ToquiNotes: With Roughly 50 Years of Service, Why Dean Ramsey Should be Considered a City Treasure

By Jeff Toquinto on April 15, 2017 from ToquiNotes via

The room suddenly goes quiet. Necks in the audience, and some nearby, lurch forward. It’s a combination of making sure you can hear what’s being said and knowing that what’s being said is important enough that you should probably listen.
“Every time he talks, you see people stop and listen. It’s like those old E.F. Hutton commercials. Of course, part of it is because he’s so soft spoken you may not always hear him. I’ve purchased hearing aids just to hear him,” joked Bridgeport City Manager Kim Haws. “The real significance is that when he speaks, whatever he says has value. It’s been that way since I’ve been here back in 1999.”
The “he” in question here is Bridgeport resident, practicing lawyer and City Attorney Dean Ramsey. I’m writing about Dean today in my blog because it’s the Easter season and I figure Ramsey – who gives me grief anytime we run a photo of him or go into too much detail about him – will give me a charitable pass.
Of course, Ramsey needs to know that this blog was done with the 100 percent backing and even encouragement of Haws. You see Haws has seen something in his near two decades here that maybe many people haven’t seen in Bridgeport. He has witnessed what those who are around him on a regular basis in a professional setting see all time.
Dean Ramsey has been as critical to the growth and success of Bridgeport as any elected official, as the many wonderful civic groups and charitable givers, the educators and so many others that have weaved the fabric of this fine community. Sure, Ramsey will be the first to tell you he’s doing a job he’s paid to do.
Paycheck aside, those close enough to Ramsey know what I’m about to say. Bridgeport has a treasure working for it.
“First and foremost, Dean Ramsey is a great attorney who is thorough, researches extremely well and to bottom line it, he knows his stuff. No one in the state, as far as I’m concerned, understands municipal law like Dean,” said Haws. “The thing is that it goes much deeper than being a great attorney. He has a passion for the community of Bridgeport and his work is done, through and through, to make his community better. He actually has a vision for the city as well. You bundle that up and that’s why he’s so valuable.”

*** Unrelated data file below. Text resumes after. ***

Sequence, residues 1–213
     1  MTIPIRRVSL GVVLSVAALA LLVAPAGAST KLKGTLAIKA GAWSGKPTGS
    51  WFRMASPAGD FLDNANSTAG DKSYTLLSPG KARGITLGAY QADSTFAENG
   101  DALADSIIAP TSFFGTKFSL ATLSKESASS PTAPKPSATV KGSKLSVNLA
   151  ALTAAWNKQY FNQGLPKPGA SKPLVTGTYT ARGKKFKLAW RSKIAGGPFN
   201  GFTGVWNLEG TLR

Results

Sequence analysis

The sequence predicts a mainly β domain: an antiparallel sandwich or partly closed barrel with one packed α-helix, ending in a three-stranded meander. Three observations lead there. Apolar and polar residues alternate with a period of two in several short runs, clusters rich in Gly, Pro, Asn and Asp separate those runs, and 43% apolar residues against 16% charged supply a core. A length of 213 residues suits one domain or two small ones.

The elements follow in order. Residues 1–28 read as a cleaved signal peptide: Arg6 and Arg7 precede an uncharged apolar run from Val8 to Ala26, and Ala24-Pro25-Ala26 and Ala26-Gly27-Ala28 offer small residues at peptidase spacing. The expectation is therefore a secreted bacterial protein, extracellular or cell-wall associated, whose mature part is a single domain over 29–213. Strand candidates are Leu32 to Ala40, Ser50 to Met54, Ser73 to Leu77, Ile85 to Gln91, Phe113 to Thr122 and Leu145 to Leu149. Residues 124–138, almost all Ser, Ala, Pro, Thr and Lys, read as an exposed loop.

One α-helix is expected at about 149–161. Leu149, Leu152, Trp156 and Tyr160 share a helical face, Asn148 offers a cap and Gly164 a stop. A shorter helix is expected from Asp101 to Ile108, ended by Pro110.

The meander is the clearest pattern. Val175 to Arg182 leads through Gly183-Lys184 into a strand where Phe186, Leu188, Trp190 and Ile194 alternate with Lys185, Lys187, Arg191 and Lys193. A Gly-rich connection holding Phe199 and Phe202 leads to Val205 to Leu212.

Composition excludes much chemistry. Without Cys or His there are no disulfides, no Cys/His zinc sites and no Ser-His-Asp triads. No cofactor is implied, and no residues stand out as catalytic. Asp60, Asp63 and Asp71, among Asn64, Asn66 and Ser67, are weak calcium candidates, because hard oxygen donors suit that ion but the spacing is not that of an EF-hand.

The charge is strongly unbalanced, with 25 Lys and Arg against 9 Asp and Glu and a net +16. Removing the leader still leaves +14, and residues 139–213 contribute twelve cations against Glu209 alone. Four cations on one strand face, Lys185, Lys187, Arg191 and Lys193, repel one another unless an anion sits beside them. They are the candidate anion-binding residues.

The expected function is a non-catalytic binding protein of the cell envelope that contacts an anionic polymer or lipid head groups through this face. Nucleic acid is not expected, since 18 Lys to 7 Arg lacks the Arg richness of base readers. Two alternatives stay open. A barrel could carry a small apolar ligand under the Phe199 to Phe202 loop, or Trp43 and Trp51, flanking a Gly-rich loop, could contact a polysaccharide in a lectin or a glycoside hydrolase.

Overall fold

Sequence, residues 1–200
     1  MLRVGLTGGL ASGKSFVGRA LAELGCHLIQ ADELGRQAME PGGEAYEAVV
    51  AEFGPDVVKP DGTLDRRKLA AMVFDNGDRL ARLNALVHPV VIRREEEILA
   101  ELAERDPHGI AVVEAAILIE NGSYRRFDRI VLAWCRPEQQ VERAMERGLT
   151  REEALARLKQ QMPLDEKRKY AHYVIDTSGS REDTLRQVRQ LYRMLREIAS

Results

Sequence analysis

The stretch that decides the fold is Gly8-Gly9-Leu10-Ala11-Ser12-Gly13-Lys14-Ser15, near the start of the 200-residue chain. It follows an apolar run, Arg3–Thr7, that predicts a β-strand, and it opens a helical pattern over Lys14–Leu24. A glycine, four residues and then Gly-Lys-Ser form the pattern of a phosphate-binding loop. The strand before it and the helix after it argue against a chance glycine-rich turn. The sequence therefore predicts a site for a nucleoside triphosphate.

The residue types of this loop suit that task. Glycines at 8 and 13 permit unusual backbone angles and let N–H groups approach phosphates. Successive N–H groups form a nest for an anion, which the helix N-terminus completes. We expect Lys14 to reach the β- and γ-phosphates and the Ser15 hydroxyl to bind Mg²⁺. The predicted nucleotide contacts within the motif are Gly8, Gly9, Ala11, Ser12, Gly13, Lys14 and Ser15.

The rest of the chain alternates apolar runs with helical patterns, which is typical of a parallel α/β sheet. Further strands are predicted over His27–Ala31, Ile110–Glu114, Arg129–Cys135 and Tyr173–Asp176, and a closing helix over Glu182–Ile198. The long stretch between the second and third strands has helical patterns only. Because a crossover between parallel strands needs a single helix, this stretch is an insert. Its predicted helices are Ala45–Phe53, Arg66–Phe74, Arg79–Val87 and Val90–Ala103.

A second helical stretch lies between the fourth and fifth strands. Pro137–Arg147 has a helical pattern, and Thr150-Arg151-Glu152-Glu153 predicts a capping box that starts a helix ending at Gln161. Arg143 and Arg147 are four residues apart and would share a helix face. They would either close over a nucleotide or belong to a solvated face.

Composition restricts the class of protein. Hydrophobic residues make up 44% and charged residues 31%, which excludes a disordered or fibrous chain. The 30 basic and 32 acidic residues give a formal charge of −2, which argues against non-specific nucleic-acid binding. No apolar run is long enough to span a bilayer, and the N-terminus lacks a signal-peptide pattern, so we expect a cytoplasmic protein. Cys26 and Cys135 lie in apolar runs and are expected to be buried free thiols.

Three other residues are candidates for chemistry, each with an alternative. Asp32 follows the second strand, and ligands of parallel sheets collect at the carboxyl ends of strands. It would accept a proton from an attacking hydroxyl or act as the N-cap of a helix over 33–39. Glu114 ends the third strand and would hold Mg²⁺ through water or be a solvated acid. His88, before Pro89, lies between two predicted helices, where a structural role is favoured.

And he’s been valuable for decades. City Clerk Andrea Kerr, who is also complicit in this blog, did some checking around for me.
The best Kerr could determine was that he has been attending Bridgeport City Council meetings since 1972 and affiliated with the city since 1969, although she said that’ not definitive. She was bold enough to ask Ramsey if that was correct and she reported back to me that he thought his affiliation was a little earlier than that.
Ramsey pondered the inquiry. Kerr, bless her heart, said she was just curious. And she was being curious – on my behalf.
Of course, Ramsey isn’t just involved with City Council. He’s there at the Bridgeport Development Authority meetings and numerous other boards. He’s served for likely decades as the attorney for the Benedum Airport Authority, providing legal advice today for the North Central West Virginia Airport all the way back to when it had the much shorter name of Benedum Airport.
Much like those who are unaware of Ramsey’s contributions, the airport’s importance to the region is also unknown to most. With jobs in the thousands and payrolls in the millions, the airport’s recent economic impact study showed a $1 billion fallout for the region. Granted, that’s from the business sector, but the airport is the hub for which all of it goes around. And there for most of it has been Ramsey.